Noted cultural event Reykjavík Shorts&Docs celebrates its tenth anniversary this year. We spoke to new festival director Heather Millard, who says she hopes to transform the local film fest—which until now focused on Nordic films— into an internationally recognised and respected one that will serve as a platform for Icelandic filmmakers in years to come.
“This year we have more films, from more countries, and many more international guests visiting in order represent their films or discuss distribution methods,” Heather tells me. In fact, over 75 films from over 20 countries will be screened during the four day festival, which takes place from May 6 to 9.
The festival has something for everyone: short humorous films, animations, documentaries on lighter subjects, and hard hitting docs on serious issues. Each evening’s screenings are preceded by a themed event corresponding with the evening’s films. There will also be workshops, masters classes, panel discussions, and various competitions.
Heather says the festival is strategically positioned so that it is in line with the international film festival circuit. “It falls directly after Hot Docs [in Toronto] and just before Cannes,” she tells me, “and with Iceland being positioned where it is, people are able to get here easily from North America as they are on their way to Europe. So it’s a good bridge for people on the film circuit.”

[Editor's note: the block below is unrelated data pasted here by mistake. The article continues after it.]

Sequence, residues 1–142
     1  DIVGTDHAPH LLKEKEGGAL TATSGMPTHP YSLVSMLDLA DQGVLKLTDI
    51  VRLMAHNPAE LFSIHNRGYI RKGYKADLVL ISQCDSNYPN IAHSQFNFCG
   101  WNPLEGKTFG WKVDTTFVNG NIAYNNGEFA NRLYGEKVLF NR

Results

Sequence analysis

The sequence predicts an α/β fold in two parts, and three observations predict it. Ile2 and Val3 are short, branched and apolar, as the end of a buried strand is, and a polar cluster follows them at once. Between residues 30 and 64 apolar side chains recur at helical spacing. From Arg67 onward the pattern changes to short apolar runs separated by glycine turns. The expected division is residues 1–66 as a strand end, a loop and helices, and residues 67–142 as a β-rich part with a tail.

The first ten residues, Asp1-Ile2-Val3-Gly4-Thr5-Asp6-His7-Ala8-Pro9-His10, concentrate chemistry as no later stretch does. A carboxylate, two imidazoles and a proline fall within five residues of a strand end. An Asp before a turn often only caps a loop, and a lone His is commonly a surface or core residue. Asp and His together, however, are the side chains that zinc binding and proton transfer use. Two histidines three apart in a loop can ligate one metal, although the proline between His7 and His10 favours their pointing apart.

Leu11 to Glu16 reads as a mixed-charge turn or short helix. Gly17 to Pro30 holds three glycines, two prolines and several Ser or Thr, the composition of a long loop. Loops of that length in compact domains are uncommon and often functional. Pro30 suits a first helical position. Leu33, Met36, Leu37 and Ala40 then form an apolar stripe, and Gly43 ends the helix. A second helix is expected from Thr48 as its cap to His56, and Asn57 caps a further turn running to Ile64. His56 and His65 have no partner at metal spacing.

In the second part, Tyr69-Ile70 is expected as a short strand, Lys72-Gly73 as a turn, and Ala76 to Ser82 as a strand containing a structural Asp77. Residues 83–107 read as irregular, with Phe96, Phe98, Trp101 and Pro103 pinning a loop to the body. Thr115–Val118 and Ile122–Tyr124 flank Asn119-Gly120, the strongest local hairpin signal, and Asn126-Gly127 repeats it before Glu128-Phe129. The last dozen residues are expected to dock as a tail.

Could Reykjavík really become a hot spot for international film? “Absolutely!” Heather says. “Reykjavík is a great city and it’s manageable for international guests to get around in. There is a very strong creative industry here with a surprising amount of films being produced each year, both in the short film and documentary categories. That combined with the natural beauty of Iceland makes us sure that guests will be inspired to return year after year for the festival.”
Women In Film
This year’s festival patron is filmmaker Kim Longinotto. She has been making films for the last 35 years, often tackling controversial subjects and featuring intimate portraits of women around the world.
She received a Peabody Award and two Cannes Film Festival Awards for her film ‘Sisters In Law,’ which will incidentally screen at this year’s festival. She will host a Q&A after several of the screenings and as an added bonus she will teach a master class for filmmakers, students, and others interested.
As part of this year’s special women-in-film section UN Women will host a panel discussion after the screening of ‘Sarabah,’ a film which centres on female genital mutilation in Senegal and one woman’s grassroots campaign to end the practice. Stígamót, Iceland’s rape crisis centre, will host a panel discussion after the powerful documentary ‘The Price of Sex,’ which sheds light on the issue of human trafficking.
CAN’T CHOOSE? HERE ARE SOME PICKS
Not Such a Beautiful Landscape
– Dir. Emiliano Monaco – documentary
– Dir. Mina Djukic – short documentary
– Dir. Ali Silverstein – documentary
Being Bradford Dillman
– Dir. Emma Burch – short film
We Are Weather
– Dir. Maria Kjartans – short film
– Dir. Ísold Uggadóttir – short film
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